A few days ago, the Federal Government of Nigeria launched a project aptly called “N-Power”, a project that seeks to “Empower Nigerian Youths for Prosperity.” While this is a laudable initiative, the main source of information collection — the website — wasn’t managed properly. It’s reminiscent of Obama’s healthcare.gov initiative and the N-Power website isn’t any different. Aside the fact that it takes an insane amount of time to load, the website crashes under pressure.
For context, the unemployment rate in Nigeria stood at a staggering 12.1% as of March 2016, this is up from 10.5% in the fourth quarter of 2015. For a country of approximately 180M people, these numbers sort of gives you a fair idea of how much load this website will have to deal with. In the first few days of its unveiling to the general public, a record number of 400,000 registration took place successfully in the first 36 hours and according to a statement issued by the SSA to the Vice President on Media and publicity, the website has gotten over 35 million visits thus far. Impressive.
While the number of successful registration looks impressive, it pales in comparison with the unemployment numbers of the nation. The fluctuating uptime of the website is affecting registrations negatively; a problem if not checked soon enough will render the project dead on arrival
I admire the government’s effort and intention to help solve the unemployment problem, but most times, good intentions aren’t always good enough, you have to do more. Some prospective registrant have taken to Twitter to vent their frustration on the inaccessibility of the website. The whole purpose of this exercise is defeated if people can’t use it.
— Day.0 (@dedayoa) June 15, 2016
— Owoseni Samuel (@OwoseniSamuel) June 15, 2016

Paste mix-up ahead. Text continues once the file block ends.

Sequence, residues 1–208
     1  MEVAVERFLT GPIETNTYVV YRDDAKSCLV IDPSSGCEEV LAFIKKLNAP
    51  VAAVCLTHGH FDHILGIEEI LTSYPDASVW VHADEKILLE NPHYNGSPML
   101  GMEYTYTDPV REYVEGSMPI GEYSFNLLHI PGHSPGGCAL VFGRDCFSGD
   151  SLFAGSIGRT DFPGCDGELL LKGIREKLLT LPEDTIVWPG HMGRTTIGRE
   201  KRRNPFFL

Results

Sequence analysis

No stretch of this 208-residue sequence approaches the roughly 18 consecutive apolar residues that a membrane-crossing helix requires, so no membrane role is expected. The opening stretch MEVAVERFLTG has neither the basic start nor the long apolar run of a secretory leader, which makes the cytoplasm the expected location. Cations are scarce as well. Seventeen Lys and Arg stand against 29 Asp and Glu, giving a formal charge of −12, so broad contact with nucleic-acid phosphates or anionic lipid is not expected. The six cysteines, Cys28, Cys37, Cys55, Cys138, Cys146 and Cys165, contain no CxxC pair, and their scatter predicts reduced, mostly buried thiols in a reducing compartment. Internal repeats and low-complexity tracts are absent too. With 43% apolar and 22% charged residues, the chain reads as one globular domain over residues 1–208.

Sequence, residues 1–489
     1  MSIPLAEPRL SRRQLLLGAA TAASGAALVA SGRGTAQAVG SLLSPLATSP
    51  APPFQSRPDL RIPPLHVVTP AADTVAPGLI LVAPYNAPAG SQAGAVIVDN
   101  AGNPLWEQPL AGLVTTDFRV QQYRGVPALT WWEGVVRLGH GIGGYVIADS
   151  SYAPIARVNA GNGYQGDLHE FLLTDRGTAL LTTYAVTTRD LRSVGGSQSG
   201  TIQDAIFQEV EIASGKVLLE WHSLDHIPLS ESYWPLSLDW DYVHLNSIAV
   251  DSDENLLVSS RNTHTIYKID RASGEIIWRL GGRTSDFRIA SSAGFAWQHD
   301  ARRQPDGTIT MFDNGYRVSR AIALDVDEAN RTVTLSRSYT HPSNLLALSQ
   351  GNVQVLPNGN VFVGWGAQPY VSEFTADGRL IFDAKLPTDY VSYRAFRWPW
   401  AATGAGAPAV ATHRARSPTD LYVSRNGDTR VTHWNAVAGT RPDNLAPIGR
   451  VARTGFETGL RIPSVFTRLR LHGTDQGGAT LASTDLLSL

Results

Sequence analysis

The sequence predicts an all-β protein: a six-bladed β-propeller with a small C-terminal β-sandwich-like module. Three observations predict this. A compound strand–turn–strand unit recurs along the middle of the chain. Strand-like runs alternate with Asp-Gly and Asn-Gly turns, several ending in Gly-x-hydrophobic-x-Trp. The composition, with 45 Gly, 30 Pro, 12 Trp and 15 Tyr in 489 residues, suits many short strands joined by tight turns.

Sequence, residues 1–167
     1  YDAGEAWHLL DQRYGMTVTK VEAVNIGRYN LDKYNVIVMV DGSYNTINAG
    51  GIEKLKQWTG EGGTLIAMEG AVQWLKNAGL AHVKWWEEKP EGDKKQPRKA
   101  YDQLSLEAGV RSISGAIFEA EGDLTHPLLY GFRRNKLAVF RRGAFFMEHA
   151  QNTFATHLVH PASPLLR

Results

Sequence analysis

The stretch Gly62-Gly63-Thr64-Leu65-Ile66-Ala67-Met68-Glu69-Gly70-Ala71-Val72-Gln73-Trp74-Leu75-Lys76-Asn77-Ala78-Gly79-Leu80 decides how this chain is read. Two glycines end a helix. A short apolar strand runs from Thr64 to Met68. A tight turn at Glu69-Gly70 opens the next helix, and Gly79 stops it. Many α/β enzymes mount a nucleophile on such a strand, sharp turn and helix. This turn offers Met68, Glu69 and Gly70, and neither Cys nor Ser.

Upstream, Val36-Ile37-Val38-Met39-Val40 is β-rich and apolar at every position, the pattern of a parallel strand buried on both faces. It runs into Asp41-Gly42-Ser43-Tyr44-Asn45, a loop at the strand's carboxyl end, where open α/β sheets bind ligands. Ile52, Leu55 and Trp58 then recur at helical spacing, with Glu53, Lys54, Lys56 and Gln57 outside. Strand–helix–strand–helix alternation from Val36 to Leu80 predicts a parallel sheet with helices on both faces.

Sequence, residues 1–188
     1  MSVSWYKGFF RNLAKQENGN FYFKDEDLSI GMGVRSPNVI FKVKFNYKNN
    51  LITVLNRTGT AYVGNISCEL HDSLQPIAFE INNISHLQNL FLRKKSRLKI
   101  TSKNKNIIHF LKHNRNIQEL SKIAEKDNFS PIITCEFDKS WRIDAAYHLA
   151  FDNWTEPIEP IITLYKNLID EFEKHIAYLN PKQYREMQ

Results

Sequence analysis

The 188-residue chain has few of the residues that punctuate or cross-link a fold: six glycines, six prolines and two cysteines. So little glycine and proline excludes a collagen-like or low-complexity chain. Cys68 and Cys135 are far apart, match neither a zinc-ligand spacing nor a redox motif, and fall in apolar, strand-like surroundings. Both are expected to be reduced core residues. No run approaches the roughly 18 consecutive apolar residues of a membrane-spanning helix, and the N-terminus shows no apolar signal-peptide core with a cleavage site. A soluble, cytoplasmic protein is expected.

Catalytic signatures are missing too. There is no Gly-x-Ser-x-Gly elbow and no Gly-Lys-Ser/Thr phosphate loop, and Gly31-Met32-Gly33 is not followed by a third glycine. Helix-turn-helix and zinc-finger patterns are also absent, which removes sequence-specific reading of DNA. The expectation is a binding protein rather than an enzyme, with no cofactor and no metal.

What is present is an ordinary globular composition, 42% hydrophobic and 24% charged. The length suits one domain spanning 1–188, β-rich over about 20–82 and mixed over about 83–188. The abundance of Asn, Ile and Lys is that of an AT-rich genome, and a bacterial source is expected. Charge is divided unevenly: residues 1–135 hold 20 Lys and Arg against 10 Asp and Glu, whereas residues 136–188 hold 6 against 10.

Below are a few thoughts of mine from a technical and product perspective with regards to how the website could have been better managed.
A website of this nature is guaranteed to have hundreds of thousands of visitors and proper load and stress testing should be part of its development life cycle. There are lots of tools that can help with this; Apache Benchmark, Locust, Siege just to mention a few. Not just that, the average response time of this website is about 70sec. This is unacceptable.
High availability is non-negotiable for a website of this nature, as such, a failover of a single node shouldn’t take down the entire website. A load balancer(Haproxy, Amazon’s ELB) could have been used here with all the web nodes sitting behind it. This will help disperse the load across multiple machines leading to a more resilient website.
Depending on the architecture, putting the web server and a database on the same machine isn’t a wise decision, nothing leads to a single point of failure like this setup. Separating the web node(s) from the database is almost always advisable and always replicate the master database. Always.
Frequently accessed pages should be cached, depending on the content type, a tool like Varnish is highly recommended and expensive queries should be cached, Redis and Memcache are great candidates for this task. And don’t forget to index the database tables. I can’t overemphasise the upside of this.
Monitor and measure everything, a high CPU throughput should trigger an alert to responsible parties. New Relic is an excellent server monitoring tool and for an open source equivalent, Nagios comes to mind. The rule of the game here is measure and monitor.
In a world where cyber security is becoming a major issue, logins and registrations pages must have SSL enabled. This is something I found lacking on the website.
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This post first appeared on Celestine’s Medium.
Chief Servant. I bully myself because I make me do what I put my mind to.